The Midas Touch For Your Practice In 2013

This week, I watched one of my all-time favorite business interviews once again, in which Anthony Robbins interviews Steve Wynn, owner of the Wynn hotel (and others) in Las Vegas. I’ve written about this interview and it’s implication to your practice in the new environment of ACO’s here.

Anthony Robbins asked Wynn about the importance of the ‘human experience’ that guests experienced at the Wynn hotel, and what it took to remain competitive in the current economy. Steve Wynn’s answer was reflective of his ‘midas touch’ with which he helped redefine the spirit of Las Vegas and ended up in the Forbes 500 list with a personal net worth of $2.5 billion.

This interview, and key insights from visionaries around us, can help you create your own ‘midas touch’ as we prepare for 2013.

Here’s a clip from this interview.

“The notion that a single person, acting alone, without anybody watching, can change the course of an enterprise, is probably true for a company as much as it is for a country”
Steve Wynn

Steve Wynn also revealed insights such as “My dad taught me to stick to simple ideas, and this has kept me a happy, happy person” and “Anything that increases someone’s self esteem is much more powerful than money”.

As private practice owners, we tend to get wrapped up with questions such as “How much of a bonus should I give the staff” and “How do I get staff to put in more hours” and “What should the benefits be?”. Although these things are important, they are not the fundamental drivers behind staff motivation.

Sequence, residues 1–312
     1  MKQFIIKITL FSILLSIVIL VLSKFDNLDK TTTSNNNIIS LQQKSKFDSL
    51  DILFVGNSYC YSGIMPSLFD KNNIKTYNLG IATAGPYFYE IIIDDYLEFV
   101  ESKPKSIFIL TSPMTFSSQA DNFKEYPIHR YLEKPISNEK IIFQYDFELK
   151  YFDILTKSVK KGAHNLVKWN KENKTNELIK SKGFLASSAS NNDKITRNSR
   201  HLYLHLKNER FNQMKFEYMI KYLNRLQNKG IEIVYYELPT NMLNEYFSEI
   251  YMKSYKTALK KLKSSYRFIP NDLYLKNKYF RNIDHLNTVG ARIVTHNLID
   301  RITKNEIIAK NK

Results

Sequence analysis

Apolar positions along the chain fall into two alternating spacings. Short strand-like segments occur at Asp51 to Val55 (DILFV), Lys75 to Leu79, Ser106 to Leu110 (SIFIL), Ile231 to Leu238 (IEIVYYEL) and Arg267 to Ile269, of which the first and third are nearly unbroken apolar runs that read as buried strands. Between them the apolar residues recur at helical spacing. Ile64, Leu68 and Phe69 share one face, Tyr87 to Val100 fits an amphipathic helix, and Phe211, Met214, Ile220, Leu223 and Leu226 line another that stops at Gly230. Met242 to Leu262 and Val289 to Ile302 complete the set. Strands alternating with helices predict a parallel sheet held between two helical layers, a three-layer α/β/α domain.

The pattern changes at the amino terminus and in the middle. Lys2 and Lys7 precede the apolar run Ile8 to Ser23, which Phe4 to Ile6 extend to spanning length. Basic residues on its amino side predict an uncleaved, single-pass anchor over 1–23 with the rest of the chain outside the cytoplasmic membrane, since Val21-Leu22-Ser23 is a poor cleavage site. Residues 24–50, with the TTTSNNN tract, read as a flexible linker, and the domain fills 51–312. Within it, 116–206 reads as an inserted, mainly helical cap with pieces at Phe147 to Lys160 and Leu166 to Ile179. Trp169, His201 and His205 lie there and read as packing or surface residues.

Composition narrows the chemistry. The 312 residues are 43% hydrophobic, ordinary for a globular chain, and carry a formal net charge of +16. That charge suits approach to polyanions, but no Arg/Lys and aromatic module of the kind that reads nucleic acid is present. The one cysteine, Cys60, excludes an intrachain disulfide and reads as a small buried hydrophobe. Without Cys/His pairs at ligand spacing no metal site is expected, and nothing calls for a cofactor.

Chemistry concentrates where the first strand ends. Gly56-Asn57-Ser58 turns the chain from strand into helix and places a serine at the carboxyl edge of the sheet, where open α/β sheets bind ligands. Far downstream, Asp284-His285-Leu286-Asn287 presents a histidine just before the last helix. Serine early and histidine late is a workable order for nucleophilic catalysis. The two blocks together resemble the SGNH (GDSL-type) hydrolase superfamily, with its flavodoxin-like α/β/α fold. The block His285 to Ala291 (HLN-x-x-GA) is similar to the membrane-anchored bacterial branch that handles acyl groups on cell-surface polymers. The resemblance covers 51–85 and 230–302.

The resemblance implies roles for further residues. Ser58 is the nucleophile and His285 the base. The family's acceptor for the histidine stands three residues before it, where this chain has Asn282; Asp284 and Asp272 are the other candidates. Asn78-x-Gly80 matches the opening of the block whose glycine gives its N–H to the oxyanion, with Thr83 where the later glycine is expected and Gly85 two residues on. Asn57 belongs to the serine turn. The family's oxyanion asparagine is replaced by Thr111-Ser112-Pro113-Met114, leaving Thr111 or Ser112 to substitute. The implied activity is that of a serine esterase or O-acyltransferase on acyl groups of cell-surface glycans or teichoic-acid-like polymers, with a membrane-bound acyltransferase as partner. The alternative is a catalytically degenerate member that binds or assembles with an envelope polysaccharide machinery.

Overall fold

Employee self esteem is more powerful than money.
The Steve Wynn interview will provide you with key insights including the importance of a ‘familial relationship’ with staff members and the importance of ‘story telling’ amongst staff members (which patients had the best results, for example).

If you had a chance to read my article on 14 ways Amazon can help grow your practice from last week, you’ll realize that Jeff Bezos, CEO of Amazon, shares the same philosophy. In his interview (which you can watch in it’s entirety), Bezos mentions that members of Amazons customer service team have the authority to pull a product from the website if they detect problems like a high customer dissatisfaction rate, high refund rate etc. For a company as large as Amazon, this would, by most standards, be considered an surprisingly high amount of power for a customer support agent, traditionally low in the ‘food chain’.

Is every member of your practice empowered?

Imagine (and this is just an example) that your front desk person talks to a patient that just came in, and imagine that this staff member decides which of the available therapists should see the patient and assigns the patient to that therapist for an individual evaluation.

While this seems preposterous, it’s plausible. The front desk person doesn’t need clinical skills to make a determination that some patients would ‘click’ with a particular therapist based on their own individual judgement.

Now imagine that the physical therapist called just one physician a day to thank the for the referral and sent one hand written postcard a day to a patient thanking them for their commitment to therapy.

Now imagine that this staff member was publicly commended for doing so (during team meetings, for example). The chain reaction this would have for the rest of your practice can be significant.

Here are the steps to implement the ‘midas touch’ in your practice: